The original Plan of Study for the Master degree must be submitted to the Graduate College prior to the end of your second semester (not including summer semester). You should develop the plan of study with your advisor using the online plan of study application (planofstudy.okstate.edu). The online submission requires approval by the advisory committee, NREM department, and then the Graduate College for final approval.

 

For Natural Resource Ecology & Management Departmental approval, our departmental requirements state that you must also submit a research proposal approved by your committee (Submit form to Liz Condit), submit your Responsible Conduct of Research module from Institutional Review Board (IRB), and include 1 hour of NREM 5020 (Departmental Seminar: Research and Presentation) on your Plan of Study. Failure to file the Plan of Study results in being locked out of enrolling in classes. Credit for all courses on a graduate Plan of Study must have been awarded within 7 years of completion of all degree requirements. The MS degree may be earned by one of two plans. Plan I requires a thesis and Plan II requires a report.

 

  • Plan I | Thesis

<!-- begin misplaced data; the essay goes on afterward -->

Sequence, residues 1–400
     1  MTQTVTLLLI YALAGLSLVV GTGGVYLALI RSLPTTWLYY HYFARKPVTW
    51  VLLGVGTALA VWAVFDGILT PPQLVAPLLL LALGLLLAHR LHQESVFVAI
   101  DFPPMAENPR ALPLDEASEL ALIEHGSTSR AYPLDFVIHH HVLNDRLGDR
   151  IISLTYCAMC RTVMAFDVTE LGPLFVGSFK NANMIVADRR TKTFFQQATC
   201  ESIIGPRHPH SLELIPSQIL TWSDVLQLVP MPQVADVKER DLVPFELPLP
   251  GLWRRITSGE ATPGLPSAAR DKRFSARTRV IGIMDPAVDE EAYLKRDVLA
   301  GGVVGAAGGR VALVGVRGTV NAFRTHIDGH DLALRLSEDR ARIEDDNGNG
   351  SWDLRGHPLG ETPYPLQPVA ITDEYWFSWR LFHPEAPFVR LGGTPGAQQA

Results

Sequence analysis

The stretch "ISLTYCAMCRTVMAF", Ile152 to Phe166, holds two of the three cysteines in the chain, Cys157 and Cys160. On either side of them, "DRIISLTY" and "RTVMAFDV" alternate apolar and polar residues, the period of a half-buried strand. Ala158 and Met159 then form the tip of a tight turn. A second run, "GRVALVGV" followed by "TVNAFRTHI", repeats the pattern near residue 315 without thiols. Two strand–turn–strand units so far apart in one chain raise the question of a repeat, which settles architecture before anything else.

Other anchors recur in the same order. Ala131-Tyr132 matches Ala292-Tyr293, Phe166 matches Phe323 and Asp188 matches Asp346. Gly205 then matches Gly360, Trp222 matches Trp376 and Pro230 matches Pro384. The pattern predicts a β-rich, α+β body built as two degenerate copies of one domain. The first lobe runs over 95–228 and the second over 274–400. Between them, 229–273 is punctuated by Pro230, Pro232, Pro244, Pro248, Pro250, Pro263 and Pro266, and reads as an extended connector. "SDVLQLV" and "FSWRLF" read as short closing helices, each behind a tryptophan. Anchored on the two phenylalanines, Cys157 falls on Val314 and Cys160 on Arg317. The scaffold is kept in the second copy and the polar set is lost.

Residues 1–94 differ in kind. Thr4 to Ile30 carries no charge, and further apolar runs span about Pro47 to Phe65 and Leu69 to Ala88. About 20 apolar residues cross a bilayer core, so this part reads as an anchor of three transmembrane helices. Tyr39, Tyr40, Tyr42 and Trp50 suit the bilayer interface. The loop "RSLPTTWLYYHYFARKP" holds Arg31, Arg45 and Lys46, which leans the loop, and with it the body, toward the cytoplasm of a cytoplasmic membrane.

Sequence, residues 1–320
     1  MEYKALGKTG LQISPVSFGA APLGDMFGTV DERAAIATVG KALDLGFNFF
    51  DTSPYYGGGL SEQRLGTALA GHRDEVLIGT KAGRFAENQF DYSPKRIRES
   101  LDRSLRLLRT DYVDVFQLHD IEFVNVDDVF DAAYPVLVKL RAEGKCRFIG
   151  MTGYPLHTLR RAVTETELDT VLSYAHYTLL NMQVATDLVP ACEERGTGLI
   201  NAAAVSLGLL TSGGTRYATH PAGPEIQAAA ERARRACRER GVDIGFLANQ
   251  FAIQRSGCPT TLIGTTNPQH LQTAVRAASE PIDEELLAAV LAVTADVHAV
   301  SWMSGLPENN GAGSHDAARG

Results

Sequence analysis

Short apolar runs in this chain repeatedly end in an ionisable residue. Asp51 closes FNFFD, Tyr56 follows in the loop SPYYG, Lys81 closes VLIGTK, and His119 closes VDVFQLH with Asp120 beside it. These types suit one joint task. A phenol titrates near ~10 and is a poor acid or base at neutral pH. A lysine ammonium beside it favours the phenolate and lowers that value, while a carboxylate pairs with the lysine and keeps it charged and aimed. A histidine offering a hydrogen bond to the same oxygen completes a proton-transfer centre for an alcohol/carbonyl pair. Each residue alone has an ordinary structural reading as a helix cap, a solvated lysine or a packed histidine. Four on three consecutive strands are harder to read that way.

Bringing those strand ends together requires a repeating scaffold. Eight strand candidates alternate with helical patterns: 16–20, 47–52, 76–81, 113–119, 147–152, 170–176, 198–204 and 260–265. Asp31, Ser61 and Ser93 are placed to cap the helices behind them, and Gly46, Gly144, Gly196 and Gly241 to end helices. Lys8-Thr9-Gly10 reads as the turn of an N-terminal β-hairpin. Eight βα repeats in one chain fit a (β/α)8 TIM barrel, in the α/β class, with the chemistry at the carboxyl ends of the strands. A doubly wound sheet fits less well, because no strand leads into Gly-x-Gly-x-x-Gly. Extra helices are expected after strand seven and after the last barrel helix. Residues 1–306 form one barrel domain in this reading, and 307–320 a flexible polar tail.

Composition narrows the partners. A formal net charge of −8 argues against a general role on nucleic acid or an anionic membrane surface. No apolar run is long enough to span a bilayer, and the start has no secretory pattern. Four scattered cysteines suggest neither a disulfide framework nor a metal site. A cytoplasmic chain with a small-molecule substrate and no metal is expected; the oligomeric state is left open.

Must include a minimum of 30 credit hours but no more than 36 consisting of:

    • 23 hours of approved graduate coursework for graduate credit and
    • 1 hour of seminar (NREM 5020 Seminar Research & Presentation) and
    • 6 hours of thesis or report credit hours (NREM 5000)
    • Thesis requirement: Students must write a thesis based on original research.
  • Plan II | Report

    Must include a minimum of 32 hours consisting of:

    • 23 hours of approved graduate coursework for graduate credit and
    • 1 hour of seminar (NREM 5020 Seminar Research & Presentation) and
    • 6 hours of thesis or report credit hours (NREM 5000)
    • Report requirement: A formal proposal is not required for the report, but the advisory committee must approve an outline of the report prior to the completion of 17 credit hours.

     

    For MS students, EXACTLY 6 credits of NREM 5000 are to be included on your Plan of Study.

  • Advisory Committee

    Students must select an advisory committee with the help of the major advisor during the first semester of study. The purpose of the advisory committee is to support your research endeavors, help you select appropriate course work; act as mentors during your graduate program, and to ensure high quality research and Extension programs. You should plan on meeting with your committee in a formal setting at least once a year but should communicate with them on a one-to-one level throughout your program.